This writer’s response? Do it again! For my first YA project in five years I am returning to the 1960s. 1967 this time, the so-called Summer of Love.
I’m a firm believer that you can absolutely jinx a work-in-process by talking too much about it. So I won’t give away much more except to say that yes, once again this story is connected to a couple of my earlier books and that the protagonist is a teen runaway, a girl trying to survive on the streets of Minneapolis while others of her generation turn into flower children. And unless you count one or two characters that prey on throw-away kids, there’s not a vampire in sight.
Clearly, writing this novel is not a wise business decision. So why do it?
They may not have produced much income, but my sixties novels have generated the most interesting and heartfelt letters and emails I’ve received from young readers. And the correspondence has had a prevailing theme, as in this one from a high school student who was assigned Too Big a Storm in a history (!) class: “Reading your book helped me to understand more about what it would be like to have someone I love go to war.”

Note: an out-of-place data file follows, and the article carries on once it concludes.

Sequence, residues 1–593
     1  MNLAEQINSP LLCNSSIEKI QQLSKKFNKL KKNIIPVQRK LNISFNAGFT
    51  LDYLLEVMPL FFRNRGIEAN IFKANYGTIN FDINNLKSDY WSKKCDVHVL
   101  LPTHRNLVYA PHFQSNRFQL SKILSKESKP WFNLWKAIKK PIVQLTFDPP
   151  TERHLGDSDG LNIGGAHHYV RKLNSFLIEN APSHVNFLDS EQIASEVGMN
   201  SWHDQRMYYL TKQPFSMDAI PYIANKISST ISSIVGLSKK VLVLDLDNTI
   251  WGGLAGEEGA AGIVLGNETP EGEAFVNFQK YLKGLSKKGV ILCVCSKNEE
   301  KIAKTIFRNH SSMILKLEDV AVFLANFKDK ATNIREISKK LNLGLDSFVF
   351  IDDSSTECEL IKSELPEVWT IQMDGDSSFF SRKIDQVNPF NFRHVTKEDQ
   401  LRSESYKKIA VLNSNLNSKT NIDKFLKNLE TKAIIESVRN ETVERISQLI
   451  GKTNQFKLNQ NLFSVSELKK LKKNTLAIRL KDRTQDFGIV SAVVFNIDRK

Bingo. Understanding “what it would be like” is the impulse driving most writers, whether our stories are set in the past or present and in real or imagined worlds. What’s it like to be a straight arrow when it seems the world around you has gone psychedelic? What’s it like to be so enraged about a war that you’d blow up a building? What’s it like to be a Vietnam veteran when other nineteen year olds are protesting the war? What’s it like to be hunting for a safe place to sleep when other teens are hunting for a high?
Digging back into history—personal and general—is delicate, challenging work. It’s so easy to get it wrong. And the easiest mistake to make is to bring too much of the present back to the past. There’s a wonderful Horn Book article by children’s literature scholar Anne Scott McCleod that’s available on the Horn Book archive that addresses just this issue. McCleod says, “Yet many narratives play to modern sensibilities. Their protagonists experience their own societies as though they were time-travelers, noting racism, sexism, religious bigotry, and outmoded belief as outsiders, not as people of and in their cultures.”